CIMA® CE Library
Helping CIMA certificants meet their CIMA certification CE obligation
The Forum CIMA CE Library allows CIMA certificants to earn CE hours - at no cost and at any time 24/7 - to help meet your obligation as a CIMA certificant, as well as the CE/CPD requirements of 15 regulators, associations, institutes and designations.
Within one to three business days of you completing a CIMA CE Quiz successfully, your CE accreditation will be logged and tracked for you on your Forum MyCE record. The Forum will then report the CIMA CE hours to IMCA International on your behalf so they appear in your MyIMCA record within a further two to three US business days.
Three recent research papers continue to grow our understanding of how behavioural traits impact on markets. The first provides insights into Warren Buffett's success; the other two examine the markets' response to earnings information.
While some still firmly believe that values and ethics have no part to play in investing, the tide is turning. Values play a vital role in investment and business decisions - and, increasingly, investors care about more than just financial returns.
What influence do personal values have on our behaviour, as individuals? And how do those values interact with professional standards and ethics?
A recent paper that addresses one of the most pressing issues facing the financial community - how to construct long-term investment portfolios to best fit the needs of those saving for retirement - questions the appropriateness of many commonly used techniques.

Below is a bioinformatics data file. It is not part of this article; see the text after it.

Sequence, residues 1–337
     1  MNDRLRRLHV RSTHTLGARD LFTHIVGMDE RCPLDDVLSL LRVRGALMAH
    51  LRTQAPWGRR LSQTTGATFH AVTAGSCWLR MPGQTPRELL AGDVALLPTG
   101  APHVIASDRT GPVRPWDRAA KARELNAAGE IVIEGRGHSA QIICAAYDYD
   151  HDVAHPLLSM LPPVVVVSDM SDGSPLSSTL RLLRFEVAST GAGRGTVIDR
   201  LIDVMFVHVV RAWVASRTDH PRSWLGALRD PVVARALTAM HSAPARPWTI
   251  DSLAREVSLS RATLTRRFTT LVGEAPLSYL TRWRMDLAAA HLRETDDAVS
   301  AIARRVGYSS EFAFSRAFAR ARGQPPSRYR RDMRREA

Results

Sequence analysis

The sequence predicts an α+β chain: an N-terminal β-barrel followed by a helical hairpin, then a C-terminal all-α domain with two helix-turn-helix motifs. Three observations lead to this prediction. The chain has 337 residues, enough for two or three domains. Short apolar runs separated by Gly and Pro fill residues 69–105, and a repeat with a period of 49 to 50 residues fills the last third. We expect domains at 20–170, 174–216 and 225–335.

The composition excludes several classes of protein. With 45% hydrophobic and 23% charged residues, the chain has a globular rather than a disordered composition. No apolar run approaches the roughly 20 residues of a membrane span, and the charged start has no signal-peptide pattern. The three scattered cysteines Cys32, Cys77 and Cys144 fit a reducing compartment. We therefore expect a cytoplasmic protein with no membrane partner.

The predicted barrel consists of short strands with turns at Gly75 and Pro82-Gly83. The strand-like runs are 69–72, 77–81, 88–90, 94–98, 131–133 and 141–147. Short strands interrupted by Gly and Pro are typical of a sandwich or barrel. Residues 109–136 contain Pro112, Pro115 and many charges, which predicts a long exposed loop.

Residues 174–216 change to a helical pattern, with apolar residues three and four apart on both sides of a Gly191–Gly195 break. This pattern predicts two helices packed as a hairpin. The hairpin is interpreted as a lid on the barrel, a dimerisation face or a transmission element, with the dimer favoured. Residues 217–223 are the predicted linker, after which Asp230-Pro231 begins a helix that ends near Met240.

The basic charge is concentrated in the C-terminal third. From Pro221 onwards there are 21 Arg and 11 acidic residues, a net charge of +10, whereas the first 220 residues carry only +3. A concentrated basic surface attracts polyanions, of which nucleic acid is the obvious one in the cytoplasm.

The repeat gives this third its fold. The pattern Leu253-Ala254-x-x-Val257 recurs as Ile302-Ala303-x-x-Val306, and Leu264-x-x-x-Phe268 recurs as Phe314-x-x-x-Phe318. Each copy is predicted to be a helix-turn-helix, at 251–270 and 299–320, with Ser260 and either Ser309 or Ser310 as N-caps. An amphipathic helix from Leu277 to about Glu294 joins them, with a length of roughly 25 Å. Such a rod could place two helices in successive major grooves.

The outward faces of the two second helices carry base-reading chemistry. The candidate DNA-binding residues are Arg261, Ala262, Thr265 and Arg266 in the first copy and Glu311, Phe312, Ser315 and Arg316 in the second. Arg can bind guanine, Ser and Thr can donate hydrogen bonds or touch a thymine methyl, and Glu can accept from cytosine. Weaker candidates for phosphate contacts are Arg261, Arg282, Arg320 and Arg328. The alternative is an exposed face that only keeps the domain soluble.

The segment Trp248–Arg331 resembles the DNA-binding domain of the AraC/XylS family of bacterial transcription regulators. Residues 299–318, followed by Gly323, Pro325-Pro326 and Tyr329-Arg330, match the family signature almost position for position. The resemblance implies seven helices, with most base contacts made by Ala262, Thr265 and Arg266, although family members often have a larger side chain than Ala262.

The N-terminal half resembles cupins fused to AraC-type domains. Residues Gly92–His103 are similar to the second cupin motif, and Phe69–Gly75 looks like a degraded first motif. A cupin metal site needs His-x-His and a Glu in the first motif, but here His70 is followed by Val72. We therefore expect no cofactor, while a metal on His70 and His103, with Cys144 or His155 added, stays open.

Time-based rebalancing is inefficient. Research suggests that tolerance band rebalancing strategies minimise trading and boost portfolio returns. Such threshold approaches may be used in both the portfolio accumulation and decumulation phase, and act as a pre-commitment device for clients.
Advisers are increasingly eschewing active managed fund managers, and instead are supplanting themselves as tactical managers of "passive" ETF funds.
There is a growing body of evidence suggesting that chronological (C) age is dominated by biological (B) age as a better proxy for longevity risk. Practitioners must consider both ages when building portfolios and structuring retirement spending strategies.
Two recent studies shed light on retirement income planning. One proposes a framework to avoid the pitfalls of shortfall probabilities. The other finds biological age impacts spending rates.
While the use of a discount rate to compare strategies or choices that are dispersed or occur over time is useful, the proper discount rate is the investor's expected rate of return, means that the "right" discount rate will vary from one person to the next.
Unlike other commonly used factors, very little research has been undertaken on the quality factor - which makes a newly released paper very interesting. Another new paper extends the usual momentum factor into "returns signal momentum".
The danger that sequence of return risk can devastate a retirement portfolio is both increasingly recognised and frequently misunderstood. Three research-driven strategies can help manage it.